There are many circumstances that can lead to a Cape Cod slip and fall or premises liability lawsuit. While many such cases involve adults, there can also be situations in which a minor child is injured on another’s property. As with other types of negligence lawsuits, the plaintiff in such a case has the burden of proving that the defendant breached a duty of care, thus proximately causing damages to the injured party.
If you or your child has been hurt by a negligent property owner, you should speak to an attorney about your case as soon as possible, as there is a statute of limitations that limits the time during which you may take legal action.
Facts of the Case
In a recent case, the plaintiff was a woman who brought suit as the parent and the next friend of her a minor child who was allegedly injured as a result of a fall from a zip line that the defendants had installed in their backyard. Because the zip line did not have a seat, the child’s father held him up by the hips and guided him for a few feet before letting him go. The child traveled a short distance and then lost his grip. Reportedly, his father grabbed him as he was falling, but the child’s arm hit the ground and was fractured so severely that several surgeries were required. In their negligence claim, the plaintiffs focused on the defendants’ failure to install a safety seat attachment to the zip line, arguing that this failure rendered the zip line unreasonably dangerous. The plaintiffs also asserted that the defendants had failed to warn the child of the danger of the zip line.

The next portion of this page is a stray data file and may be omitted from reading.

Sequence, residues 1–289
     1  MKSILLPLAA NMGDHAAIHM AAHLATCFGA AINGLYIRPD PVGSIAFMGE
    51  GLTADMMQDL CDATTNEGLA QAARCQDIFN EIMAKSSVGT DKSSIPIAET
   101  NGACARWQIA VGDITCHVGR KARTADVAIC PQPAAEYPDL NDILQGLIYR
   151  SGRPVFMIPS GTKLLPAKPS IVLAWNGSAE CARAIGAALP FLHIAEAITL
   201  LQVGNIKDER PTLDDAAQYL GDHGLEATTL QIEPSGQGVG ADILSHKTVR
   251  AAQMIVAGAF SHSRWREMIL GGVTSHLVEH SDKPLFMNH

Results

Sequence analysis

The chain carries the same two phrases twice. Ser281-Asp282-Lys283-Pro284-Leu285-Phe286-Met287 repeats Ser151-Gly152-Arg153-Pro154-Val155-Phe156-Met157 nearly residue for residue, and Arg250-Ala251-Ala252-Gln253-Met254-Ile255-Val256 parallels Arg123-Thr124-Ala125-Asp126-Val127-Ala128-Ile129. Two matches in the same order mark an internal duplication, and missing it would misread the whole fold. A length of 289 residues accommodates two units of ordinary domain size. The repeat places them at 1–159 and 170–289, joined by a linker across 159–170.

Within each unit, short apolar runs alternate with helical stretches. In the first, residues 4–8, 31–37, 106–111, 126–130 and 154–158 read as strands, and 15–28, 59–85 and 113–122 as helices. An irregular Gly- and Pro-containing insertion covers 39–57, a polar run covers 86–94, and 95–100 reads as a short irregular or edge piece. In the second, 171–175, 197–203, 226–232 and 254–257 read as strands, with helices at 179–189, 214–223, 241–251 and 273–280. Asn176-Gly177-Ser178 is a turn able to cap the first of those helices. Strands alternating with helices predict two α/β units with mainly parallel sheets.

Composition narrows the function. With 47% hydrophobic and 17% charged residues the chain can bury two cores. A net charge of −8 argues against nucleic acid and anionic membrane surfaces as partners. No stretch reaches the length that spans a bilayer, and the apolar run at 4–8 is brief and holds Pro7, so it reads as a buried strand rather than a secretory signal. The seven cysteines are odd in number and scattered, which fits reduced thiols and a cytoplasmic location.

The defendants filed a motion for summary judgment, which the trial court granted. According to the trial court, the danger that a child of the minor plaintiff’s age (six years) might lose his grip while dangling from the hand trolley was so obvious that it was reasonable for the defendants to conclude that a person of ordinary intelligence would perceive the risk and avoid it.
Decision of the Court
The Massachusetts Appeals Court affirmed the lower court’s entry of summary judgment for the defendants, first noting that the duty to warn of a dangerous condition is owed to an adult supervising a child, not to the child himself. Here, the minor plaintiff was on the defendants’ property because he had been taken there by his parents, including the adult plaintiff. The child had then used the zip line with his father’s assistance and under his father’s supervision. Because the danger at issue was open and obvious to the child’s father, the defendants did not have a duty to warn the father about the lack of a seat on the zip line.
With regard to whether the defendants owed the plaintiffs a duty to remedy the open and obvious condition of the zip line, the court found that the plaintiffs had failed to show that the zip line was “unreasonably dangerous.” In so holding, the court noted that the zip line was low enough for the child’s father to lift him up to the trolley by his hips and that there was no evidence of poor construction.
How to Get Assistance with Your Case
If your child has been hurt on someone else’s property, you may be able to seek compensation on his or her behalf. As this case demonstrates, premises liability lawsuits filed against allegedly negligent landowners can be challenging, but each case stands on its own merits so it is important to consult an experienced Cape Cod slip and fall accident lawyer to review your particular case. To schedule an appointment at The Law Offices of John C. Manoog III, call 888-262-6664 and ask for a free consultation.